ST. LOUIS -- Parity and dissemination can be good. For instance, it would be nice to have parity where owning an iPad is concerned. And in-ground swimming pool parity would be a plus.
Sports is lousy with division and parity these days. The eighth-place Los Angeles Kings are in the Stanley Cup Finals, the 9-7 New York Giants won the Super Bowl, and the 2011 Cardinals -- with the eighth-best record in baseball -- slipped in the back door to win a World Series.
For those teams and those towns, it's great stuff. For fans of Cinderella, it's fun to re-live the fairy tale.
But parity has a flip side. If Cinderella gets to the ball every time, it's not special. You need a sinister, prevailing stepmother for the fairy tale to happen. With parity, there is no David and Goliath, no Bronx Bombers, no Big Machine. There are only Davids, bombers and machines. The capital-letter attrition alone is alarming.
Parity is prominent in professional golf these days, and it's not an especially good thing. With the U.S. Open fast approaching, the game is listing without oars in the water, without identity.
Fred Couples gave the Champions Tour a charge last summer, but the spark seems to have faded. The leading winner on the tour this season is someone named Michael Allen.
The LPGA seems to spend most of its time in foreign countries, places like Brazil, Thailand and Galloway, N.J. The top four LPGA players, and eight of the top 10, are Asian, difficult for American audiences to fully embrace.
But where this diversity is especially relevant is at the axis of golf, the PGA Tour, or post-Tiger-mania PGA Tour. The situation was exemplified by the recent Masters. The game's "Big Three," i.e. Jack Nicklaus, Arnold Palmer and Gary Player, were easily the most enchanting players at Augusta National in April. Problem was, they were just ceremonial starters.
Once the actual tournament began, things settled back into a more anonymous, diluted state. Coming off his first victory in 30 months, Tiger Woods offered up his worst performance as a professional at Augusta and tied for 40th. Bubba Watson won the tournament, but hardly won the ratings. Viewership was down 22 percent from a year earlier.
Strange isn't it? A lefthander had not won at Augusta until Phil Weir in 2003. Now a lefthander has won five of the last 10 Masters. Now, that's parity.
Bubba's breakthrough continues a trend. After Woods won the Battle of Wounded Knee at Torrey Pines in 2008, and then took the year off, Padraig Harrington lifted the environment by capturing two majors in succession. Since, there has been 13 majors won by 13 different players. Two of the 13, Phil Mickelson and Angel Cabrera, had won a major previously. None of the 13 have won another.
Watson now becomes the flavor of the week. He joins Rory McIlroy, Charles Scwartzel, Graeme McDowell, Martin Kaymer and even Harrington as players the golf press props up to fill the void. People got especially carried away with McIlroy, suggesting he had the perfect swing, perfect disposition and perfect opportunity to take the reins.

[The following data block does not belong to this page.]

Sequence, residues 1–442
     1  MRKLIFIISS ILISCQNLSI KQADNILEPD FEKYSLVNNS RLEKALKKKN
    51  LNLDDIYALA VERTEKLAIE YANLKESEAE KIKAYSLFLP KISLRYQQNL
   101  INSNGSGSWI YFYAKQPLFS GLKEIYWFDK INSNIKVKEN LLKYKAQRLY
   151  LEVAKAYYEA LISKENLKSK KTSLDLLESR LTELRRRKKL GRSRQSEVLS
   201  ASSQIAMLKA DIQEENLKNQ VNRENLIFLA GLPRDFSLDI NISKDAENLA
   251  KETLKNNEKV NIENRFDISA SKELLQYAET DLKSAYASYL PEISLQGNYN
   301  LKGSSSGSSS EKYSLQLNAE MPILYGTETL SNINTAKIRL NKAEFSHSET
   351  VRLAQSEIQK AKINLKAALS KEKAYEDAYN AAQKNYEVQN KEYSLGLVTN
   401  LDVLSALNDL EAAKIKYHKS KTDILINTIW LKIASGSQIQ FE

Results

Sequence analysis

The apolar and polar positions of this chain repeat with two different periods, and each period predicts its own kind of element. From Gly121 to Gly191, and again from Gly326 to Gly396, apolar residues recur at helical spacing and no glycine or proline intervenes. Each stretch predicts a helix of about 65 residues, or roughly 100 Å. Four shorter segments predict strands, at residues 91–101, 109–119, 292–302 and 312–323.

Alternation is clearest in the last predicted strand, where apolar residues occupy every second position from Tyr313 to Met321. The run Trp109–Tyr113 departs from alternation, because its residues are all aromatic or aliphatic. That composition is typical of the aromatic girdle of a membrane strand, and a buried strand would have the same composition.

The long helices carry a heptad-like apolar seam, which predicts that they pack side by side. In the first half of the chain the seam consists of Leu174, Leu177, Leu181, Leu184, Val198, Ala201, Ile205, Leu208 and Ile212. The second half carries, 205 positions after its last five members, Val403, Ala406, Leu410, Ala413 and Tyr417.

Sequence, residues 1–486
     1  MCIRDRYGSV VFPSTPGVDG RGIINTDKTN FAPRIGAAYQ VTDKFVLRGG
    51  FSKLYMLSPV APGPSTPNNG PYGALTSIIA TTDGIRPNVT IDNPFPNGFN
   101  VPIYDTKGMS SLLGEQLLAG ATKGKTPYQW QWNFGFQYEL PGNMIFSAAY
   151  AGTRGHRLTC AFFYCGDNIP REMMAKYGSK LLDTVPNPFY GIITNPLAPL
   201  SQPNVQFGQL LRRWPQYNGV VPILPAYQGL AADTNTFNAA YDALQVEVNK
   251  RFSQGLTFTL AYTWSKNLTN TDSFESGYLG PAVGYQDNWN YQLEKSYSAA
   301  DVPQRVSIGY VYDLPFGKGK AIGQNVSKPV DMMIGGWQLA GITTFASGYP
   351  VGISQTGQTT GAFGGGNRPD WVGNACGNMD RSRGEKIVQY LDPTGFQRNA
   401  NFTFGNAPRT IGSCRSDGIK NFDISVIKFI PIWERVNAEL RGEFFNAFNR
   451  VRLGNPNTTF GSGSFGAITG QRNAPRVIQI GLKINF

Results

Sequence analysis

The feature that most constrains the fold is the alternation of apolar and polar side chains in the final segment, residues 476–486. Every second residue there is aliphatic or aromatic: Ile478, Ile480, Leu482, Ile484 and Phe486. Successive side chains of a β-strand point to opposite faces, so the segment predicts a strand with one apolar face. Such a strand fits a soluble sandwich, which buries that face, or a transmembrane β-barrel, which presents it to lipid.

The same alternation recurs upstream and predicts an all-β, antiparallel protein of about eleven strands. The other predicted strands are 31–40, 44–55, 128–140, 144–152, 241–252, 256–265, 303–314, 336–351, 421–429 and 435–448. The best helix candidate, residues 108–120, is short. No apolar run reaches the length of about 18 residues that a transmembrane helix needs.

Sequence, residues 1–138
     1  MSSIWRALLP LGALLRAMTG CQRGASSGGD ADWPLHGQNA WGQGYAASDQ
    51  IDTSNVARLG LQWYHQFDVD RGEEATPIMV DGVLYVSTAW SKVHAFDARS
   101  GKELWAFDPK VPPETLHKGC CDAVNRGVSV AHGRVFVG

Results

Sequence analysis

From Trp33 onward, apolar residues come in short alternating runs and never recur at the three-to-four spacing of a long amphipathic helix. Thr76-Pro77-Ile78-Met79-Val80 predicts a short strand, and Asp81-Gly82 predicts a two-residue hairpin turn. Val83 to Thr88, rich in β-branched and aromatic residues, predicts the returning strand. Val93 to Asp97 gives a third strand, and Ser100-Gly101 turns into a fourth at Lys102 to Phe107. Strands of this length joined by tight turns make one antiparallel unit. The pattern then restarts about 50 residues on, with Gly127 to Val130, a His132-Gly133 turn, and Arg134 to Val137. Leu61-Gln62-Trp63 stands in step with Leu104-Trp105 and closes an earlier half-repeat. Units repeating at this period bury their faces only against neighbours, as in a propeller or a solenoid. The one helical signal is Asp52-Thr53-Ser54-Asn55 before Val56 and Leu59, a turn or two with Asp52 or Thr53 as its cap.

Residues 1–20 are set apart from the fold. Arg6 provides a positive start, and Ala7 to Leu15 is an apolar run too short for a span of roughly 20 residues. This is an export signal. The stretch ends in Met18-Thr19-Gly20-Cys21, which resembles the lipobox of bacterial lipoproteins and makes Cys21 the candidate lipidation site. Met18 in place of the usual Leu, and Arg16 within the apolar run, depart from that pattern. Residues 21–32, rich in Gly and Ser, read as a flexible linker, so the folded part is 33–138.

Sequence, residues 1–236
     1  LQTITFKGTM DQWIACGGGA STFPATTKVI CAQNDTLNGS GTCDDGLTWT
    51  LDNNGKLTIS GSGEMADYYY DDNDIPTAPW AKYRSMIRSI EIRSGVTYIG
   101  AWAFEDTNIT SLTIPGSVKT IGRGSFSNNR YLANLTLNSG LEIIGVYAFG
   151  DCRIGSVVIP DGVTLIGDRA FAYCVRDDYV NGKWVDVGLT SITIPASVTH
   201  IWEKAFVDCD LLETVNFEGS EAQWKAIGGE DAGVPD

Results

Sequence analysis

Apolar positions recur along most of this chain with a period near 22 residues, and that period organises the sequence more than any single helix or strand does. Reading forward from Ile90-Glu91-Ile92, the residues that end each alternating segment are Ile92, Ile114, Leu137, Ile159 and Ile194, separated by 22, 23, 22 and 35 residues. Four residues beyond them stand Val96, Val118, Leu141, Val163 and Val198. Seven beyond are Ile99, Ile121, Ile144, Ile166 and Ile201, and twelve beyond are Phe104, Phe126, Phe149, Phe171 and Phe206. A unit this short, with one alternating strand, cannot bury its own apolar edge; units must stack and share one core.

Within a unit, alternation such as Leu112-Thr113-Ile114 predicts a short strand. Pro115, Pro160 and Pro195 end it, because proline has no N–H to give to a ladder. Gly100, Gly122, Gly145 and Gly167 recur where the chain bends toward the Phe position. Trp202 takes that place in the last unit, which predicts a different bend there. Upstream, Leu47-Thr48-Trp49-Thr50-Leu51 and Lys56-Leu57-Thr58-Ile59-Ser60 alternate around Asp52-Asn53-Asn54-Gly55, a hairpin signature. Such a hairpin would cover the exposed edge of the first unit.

To be fair, he does have the perfect ancestry, but since winning the U.S. Open last year, McIlroy is an imperfect 0 for three in the majors. Don't misunderstand; McIlroy is a terrific talent and just 23. There is every reason to believe he will win many more tournaments, even more majors. But to this point, he's not unlike like Schwartzel, Watson, McDowell, Trevor Immelman and others. All moved to the head of the class but stopped raising their hands.
The PGA Tour is 22 events into the season and has 20 different winners. Last year, for the first time since 1991, as few as two wins paced the circuit. The anything-can-happen, anyone-can-win element is nice. But without predictability, you have no favorites, no upsets, no antagonists, no protagonists, no color, no romance. You have indifference.
In terms of excitement, golf is stagnant. The scene still depends on a player who is no longer the player that created that energy to begin with. Woods still makes ratings jump, but he's rarely jumping into contention.
The former No. 1 is now No. 7, approaching his 36th birthday and officially injury prone. He has been absent or missed the cut at six of the last 14 majors, finished 23rd or worse in three of the last four.
But the camera will continue to follow Woods until someone steps forward to hog the headlines. Mickelson will be 42 in June. He has carved out a place on the radar, but it's not going to grow any larger. Vijay Singh is 49, done winning majors. Ernie Els ... please.
Look back at the history of the game. From Harry Vardon to Walter Hagen, Bobby Jones to Gene Sarazen, Byron Nelson to Sam Snead and Ben Hogan, Palmer to Nicklaus and Player, and then Tom Watson. Sprinkle Lee Trevino, Billy Casper, Johnny Miller, Raymond Floyd and Seve Ballesteros among them.
Every decade, the game has had dominant genes, players who win multiple championships, players you can be passionate about, one way or another. Even when the stars faded, you had Nick Faldo, Nick Price and Greg Norman fill gaps with dominant periods.
This decade of golf is in a strange place right now. It has no stars, just lots of . . . yawn . . . parity.